Veterans’ PTSD costs $241 million 3/1/21
Some time ago. I was driving through Western Sydney and saw a huge billboard for army recruitment. An interesting and challenging job, training for a trade etc. I then stopped in a supermarket and there was a much smaller ad for a charity that helped Veterans who were victims of Post-Traumatic Stress Disorder. I wondered why they needed a charity when the Dept. of Veterans’ Affairs has a much larger budget per patient than anyone else.
I asked a clinical psychologist friend of mine about this. The psychologist had a good practice and admitted that a lot of work came from ex-Veterans, commenting nervously that almost all the Veterans had PTSD, but that it was a closely guarded military secret. I was not surprised. I had read ‘Exit Wounds- One Australian’s War on Terror’ by John Cantwell, the ex-commander of the Australian forces in Afghanistan. He had PTSD and took himself off the short-list to be the chief of Australian defence to go into a psychiatric hospital for treatment. He wrote in 2013 that the war in Afghanistan could never be won and that every Australian life lost there was wasted. Troops are still there, presumably until the Americans all leave.
In 2019 I went to a pub dinner with a group I knew vaguely at a hotel in Kings Cross. I had arrived late from work and as I moved to the end of our table, a man sitting alone on the next table moved his pack so that I could get in. I nodded thanks. My group said a brief ‘hullo’ and went on with a conversation about people I did not know, so I remained a little detached. After a while the man on the next table stood up and asked me in a broad Scottish accent if I would mind looking after his pack while got another beer. He was unshaven and looked very dejected, perhaps in his early forties in age but his clothes were new. I moved his pack so that it was more directly in my line of sight, and noticed that it was a state of art pack, perhaps a military one. When he returned I asked him what part of Scotland he was from. (This is always a good opening line for Scots as they hate being asked what part of England). He said that he was a stonemason, who had lived with his single mother until she had become unwell with memory loss and needed institutional care. He wanted to get a ‘powder ticket’ so that he could have his own quarry. He could not afford this training so he had joined the British Army. Seemingly he learned his explosives quite well and was posted to Afghanistan. He had had to do ‘a job’ involving explosives and was praised by his commander as he had apparently done it well from a military point of view.
He did not elaborate much at this point as he choked back his tears, but he felt utterly worthless and had asked for an immediate discharge from the army. He had an elder brother in Australia from whom he had been estranged since his parents separated when he was young and he had in arrived in Australia this very morning to find his brother at the most recent address he had. He had no phone number or email. The brother had left the address, so he had stopped for a drink. He had no friends, no country and was very, very depressed.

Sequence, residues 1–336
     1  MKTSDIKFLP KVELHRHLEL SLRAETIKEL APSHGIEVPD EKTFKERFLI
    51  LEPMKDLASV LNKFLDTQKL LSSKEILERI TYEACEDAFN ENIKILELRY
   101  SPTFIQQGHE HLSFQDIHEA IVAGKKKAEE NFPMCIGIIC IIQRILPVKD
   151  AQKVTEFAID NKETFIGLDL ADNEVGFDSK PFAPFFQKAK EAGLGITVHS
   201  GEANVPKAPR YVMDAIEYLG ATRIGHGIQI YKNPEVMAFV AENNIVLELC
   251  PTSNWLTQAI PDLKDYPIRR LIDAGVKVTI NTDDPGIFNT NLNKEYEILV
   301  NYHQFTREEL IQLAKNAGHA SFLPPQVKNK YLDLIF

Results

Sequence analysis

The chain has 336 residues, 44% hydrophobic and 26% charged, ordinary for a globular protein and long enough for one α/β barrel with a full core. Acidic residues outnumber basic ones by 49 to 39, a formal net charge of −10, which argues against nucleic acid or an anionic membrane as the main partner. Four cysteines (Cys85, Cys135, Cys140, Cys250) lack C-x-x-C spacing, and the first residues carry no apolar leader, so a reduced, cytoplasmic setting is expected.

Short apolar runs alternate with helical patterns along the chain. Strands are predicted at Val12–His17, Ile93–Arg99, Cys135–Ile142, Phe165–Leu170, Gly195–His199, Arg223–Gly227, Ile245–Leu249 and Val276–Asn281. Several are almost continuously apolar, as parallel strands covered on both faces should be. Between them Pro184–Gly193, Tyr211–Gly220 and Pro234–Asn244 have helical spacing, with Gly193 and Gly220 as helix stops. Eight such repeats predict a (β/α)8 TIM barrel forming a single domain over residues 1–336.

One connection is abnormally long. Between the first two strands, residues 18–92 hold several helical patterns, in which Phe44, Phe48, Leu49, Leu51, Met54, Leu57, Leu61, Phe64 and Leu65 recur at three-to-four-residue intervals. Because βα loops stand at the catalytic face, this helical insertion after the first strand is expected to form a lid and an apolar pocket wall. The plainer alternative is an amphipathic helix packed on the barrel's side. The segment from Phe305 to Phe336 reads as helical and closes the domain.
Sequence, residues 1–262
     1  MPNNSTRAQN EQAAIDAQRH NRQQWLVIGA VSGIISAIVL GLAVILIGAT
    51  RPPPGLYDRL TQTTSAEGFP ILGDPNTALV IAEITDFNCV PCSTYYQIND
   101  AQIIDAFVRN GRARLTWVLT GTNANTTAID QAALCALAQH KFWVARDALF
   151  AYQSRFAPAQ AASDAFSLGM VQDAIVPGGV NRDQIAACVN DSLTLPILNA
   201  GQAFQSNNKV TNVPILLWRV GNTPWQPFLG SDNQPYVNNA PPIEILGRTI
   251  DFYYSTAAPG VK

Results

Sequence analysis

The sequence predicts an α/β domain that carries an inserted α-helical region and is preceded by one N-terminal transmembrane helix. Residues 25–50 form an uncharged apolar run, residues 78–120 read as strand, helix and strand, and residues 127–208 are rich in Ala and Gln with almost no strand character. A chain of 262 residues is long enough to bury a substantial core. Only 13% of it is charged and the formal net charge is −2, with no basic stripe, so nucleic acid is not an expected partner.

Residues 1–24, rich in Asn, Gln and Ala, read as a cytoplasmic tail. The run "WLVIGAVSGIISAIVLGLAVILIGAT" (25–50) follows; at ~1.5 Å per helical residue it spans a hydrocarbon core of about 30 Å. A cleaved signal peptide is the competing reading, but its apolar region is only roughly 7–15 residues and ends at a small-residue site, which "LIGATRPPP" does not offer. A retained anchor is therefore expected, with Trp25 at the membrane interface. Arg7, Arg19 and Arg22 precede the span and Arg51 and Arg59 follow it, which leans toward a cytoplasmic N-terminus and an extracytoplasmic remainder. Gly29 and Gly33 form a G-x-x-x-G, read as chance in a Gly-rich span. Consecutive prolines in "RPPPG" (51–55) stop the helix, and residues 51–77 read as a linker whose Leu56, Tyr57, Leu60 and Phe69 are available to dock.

As his tale unfolded, I was increasingly wondering what I could do, but in this case luck was with us both. One of the others on the table I was in theory still having dinner with had started to listen to our conversation. She was a counsellor in the Kings Cross area and joined in. She took over and found him accommodation, promising to get him some PTSD counselling when she finished a morning appointment the next day, and quite subtly got him to promise reciprocally not to commit suicide overnight.
I followed this up with the counsellor and she was apparently successful. He went with an Australian PTSD sufferer to a farm in the Central West where rehab is done for ex-Afghanistan veterans. Hopefully it was successful longer term.
But this story is largely luck, and success is not assured. Here was the real face of the foreign policy stupidity in the Middle East, and prevention is far better than any hoped-for cure.
The Vietnam war may have been ‘lost’ on the TV screens of America, but it is highly dubious that it could have been won anyway. Iraq, Libya, Syria and Afghanistan do not look like having any chance of the West winning. But since the Falklands war, journalists are embedded with the Army and so are on one side that gives them protection and restricts their information, so there is no peace movement of any political note to stop the foolish machinations of Australia in fawning to please the US in wars.
I am not sure that Veterans have ‘unlimited access’ to mental health services- if they did, why would there be charities appealing for support? My experience is that all funding bodies including Veterans Affairs try to deny the existence of a problem. It seems the concern of the article is the cost of the rehab. The answer of course is to stop the war.
The Buttery mentioned was the one of very few live-in addiction rehab programs that I could find when I was in Parliament. It was near Bangalow on the North Coast and had endless trouble getting funding. If it is now exclusively used by Veterans others will be missing out.